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Overdose call results in hepatitis C scare for
 2 Manchester EMTs

By SHAWNE K. WICKHAM
New Hampshire Sunday News

April 15. 2017 9:13PM
Chris Hickey, EMS officer for the Manchester Fire Department, shown speaking last year to the media about the city's Safe Station outreach program to drug addicts, says exposure of two Manchester firefighters to hepatitis C is a reminder for first responders to wear proper barrier protection. (DAVID LANE/UNION LEADER FILE)
Two Manchester firefighters will have to be monitored for a full year for exposure to hepatitis C after they were splashed with bodily fluids while reviving a drug overdose victim who is infected with the disease.
 
The male patient — one of two victims revived last Wednesday at an English Village Road address — vomited while EMTs were working on him, according to Christopher Hickey, EMS officer for the Manchester fire department.

Hickey said the incident was a grim reminder for first responders to wear proper barrier protection, something he admits they have gotten “complacent” about, not just in Manchester but industry-wide.

Wearing eye protection and a mask, in addition to gloves, on a medical call is a “recommendation” of the fire department, not a requirement, Hickey said. But he plans to hold a training session with all the fire companies to urge them to protect themselves whenever they respond to an overdose, after what happened to two of their own.

“We as a profession need to look at things differently, with the rampant IV drug use and the increasing incidence of HIV and hepatitis in the drug-using community,” he said. “We’re treating these patients every day.”

Hickey said the call came in around 2:30 p.m. last Wednesday for two patients in cardiac arrest after using drugs.

When EMT crews from the fire department and American Medical Response arrived, they found a man and a woman in “an overdose state,” Hickey said. Both had pulses but their breathing was impaired, so the crews began working on them, administering naloxone, which can reverse the effects of an opioid overdose.

They had administered three doses of naloxone to the man. “And he made a movement as if he was going to breathe,” Hickey said, so the EMT who was using a “bag valve mask” to help the man breathe removed it from the patient’s face.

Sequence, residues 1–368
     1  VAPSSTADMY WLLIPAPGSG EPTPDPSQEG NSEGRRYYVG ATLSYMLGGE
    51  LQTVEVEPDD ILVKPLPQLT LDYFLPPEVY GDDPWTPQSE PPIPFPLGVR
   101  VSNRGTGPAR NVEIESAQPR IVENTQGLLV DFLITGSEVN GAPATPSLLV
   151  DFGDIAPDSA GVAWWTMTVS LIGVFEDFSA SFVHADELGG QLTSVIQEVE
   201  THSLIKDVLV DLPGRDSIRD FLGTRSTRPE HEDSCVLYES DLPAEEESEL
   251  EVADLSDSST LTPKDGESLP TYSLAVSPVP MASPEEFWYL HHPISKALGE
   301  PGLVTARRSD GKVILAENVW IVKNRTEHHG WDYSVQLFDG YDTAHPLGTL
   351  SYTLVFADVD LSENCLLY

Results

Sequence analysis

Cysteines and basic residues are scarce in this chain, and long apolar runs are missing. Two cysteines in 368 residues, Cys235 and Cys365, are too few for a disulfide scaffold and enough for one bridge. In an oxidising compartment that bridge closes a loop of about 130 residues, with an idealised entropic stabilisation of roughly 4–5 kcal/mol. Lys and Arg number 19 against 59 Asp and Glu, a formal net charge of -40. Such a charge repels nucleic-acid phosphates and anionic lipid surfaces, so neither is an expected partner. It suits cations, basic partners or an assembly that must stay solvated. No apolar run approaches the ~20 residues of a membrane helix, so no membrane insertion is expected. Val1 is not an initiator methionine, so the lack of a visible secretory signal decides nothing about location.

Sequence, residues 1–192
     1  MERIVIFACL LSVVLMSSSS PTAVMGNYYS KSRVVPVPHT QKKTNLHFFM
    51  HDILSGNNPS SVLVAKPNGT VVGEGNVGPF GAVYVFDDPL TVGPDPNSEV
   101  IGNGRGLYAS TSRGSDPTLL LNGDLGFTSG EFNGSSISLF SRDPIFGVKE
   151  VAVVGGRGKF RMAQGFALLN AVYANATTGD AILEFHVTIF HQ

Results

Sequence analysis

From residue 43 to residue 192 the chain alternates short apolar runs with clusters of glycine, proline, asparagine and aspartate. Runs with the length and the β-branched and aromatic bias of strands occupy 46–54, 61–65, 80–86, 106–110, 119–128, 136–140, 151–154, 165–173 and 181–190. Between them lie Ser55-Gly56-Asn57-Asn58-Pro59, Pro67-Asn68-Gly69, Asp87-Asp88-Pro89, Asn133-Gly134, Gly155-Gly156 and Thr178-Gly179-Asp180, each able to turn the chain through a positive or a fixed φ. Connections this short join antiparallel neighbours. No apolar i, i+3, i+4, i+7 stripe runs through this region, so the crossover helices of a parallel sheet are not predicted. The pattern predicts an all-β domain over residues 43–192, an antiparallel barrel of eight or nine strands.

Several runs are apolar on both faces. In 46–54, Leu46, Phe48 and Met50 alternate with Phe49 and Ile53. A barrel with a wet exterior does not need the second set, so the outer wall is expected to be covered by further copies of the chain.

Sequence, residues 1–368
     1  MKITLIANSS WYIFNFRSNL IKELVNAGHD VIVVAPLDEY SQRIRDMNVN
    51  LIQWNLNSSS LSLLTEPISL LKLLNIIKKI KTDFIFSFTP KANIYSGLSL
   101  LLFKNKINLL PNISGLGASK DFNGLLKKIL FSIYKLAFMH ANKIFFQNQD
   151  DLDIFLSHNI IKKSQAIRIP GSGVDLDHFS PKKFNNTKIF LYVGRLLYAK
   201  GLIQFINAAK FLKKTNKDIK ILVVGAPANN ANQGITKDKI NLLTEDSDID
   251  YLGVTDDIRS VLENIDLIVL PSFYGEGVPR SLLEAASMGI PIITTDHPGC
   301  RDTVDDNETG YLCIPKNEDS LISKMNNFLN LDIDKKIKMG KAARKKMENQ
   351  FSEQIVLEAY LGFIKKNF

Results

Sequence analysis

That’s when the man projectile vomited. “It went everywhere,” Hickey said. The vomit splashed on their clothing and equipment. And two firefighters “got it in their eyes and mouth.”

Exposure to bodily fluids is part of the job, Hickey said. “What was different about this one, because this person had a history of IV drug abuse, and the prevalence of communicable diseases in the IV-drug-using community, the possibilities were significantly heightened that they would be exposed to something,” he said.

Hepatitis C, a chronic liver disease, and HIV, the virus that causes AIDS, were among the concerns.

The two firefighters were taken to Catholic Medical Center, where Hickey said the medical staff consulted the Centers for Disease Control and Prevention for advice. “And the end result was the likelihood of transmission is extremely, extremely low, especially when it’s through vomit,” he said; exposure to blood would be more of a risk.
 
The male patient did test positive for hepatitis C, however, so the two firefighters will have to be monitored over the next year. Their blood will be drawn six weeks from now, six months from now and then a year from now. “After that, if nothing has shown up, the likelihood of anything showing up is next to nothing,” he said.

Hickey said he’s not faulting the firefighters who were affected, admitting he doesn’t always wear a mask and eye protection himself.

But what happened has made him rethink how he does his job, he said. “You really have to take a step back and realize that over the years, we’ve become complacent, and perhaps we need to reinforce things.”

He had his own scare years ago when a psychiatric patient spit in his face. “She said she had AIDS and she hoped I died.”

So he knows firsthand how difficult it can be to deal with the possibility that you’ve been exposed to a deadly disease. “It freaks you out for a while,” he said. “I’ve been through that and it’s not a very comfortable thing.”

Asked how the affected firefighters are doing, Hickey said initially “it was tough for them,” but the two were in better spirits when he talked to them Thursday night. And he said both are “eager to get back to work.”
 
“They’re fantastic firefighters, and they’re really good at their job.”

Manchester’s occupational health office will be handling the two firefighters’ cases and the city has offered them help through the Employee Assistance Plan, Hickey said.

There’s another disturbing aspect to this incident. The woman who was the other overdose victim was 9-weeks pregnant, Hickey said, noting first responders have been seeing an increase in the number of pregnant women who have been overdosing.
 
Hickey said both patients had revived by the time they were taken to the hospital and were expected to survive. “It’s a little early to tell if there’s going to be any issue with the child,” he said.

swickham@unionleader.com


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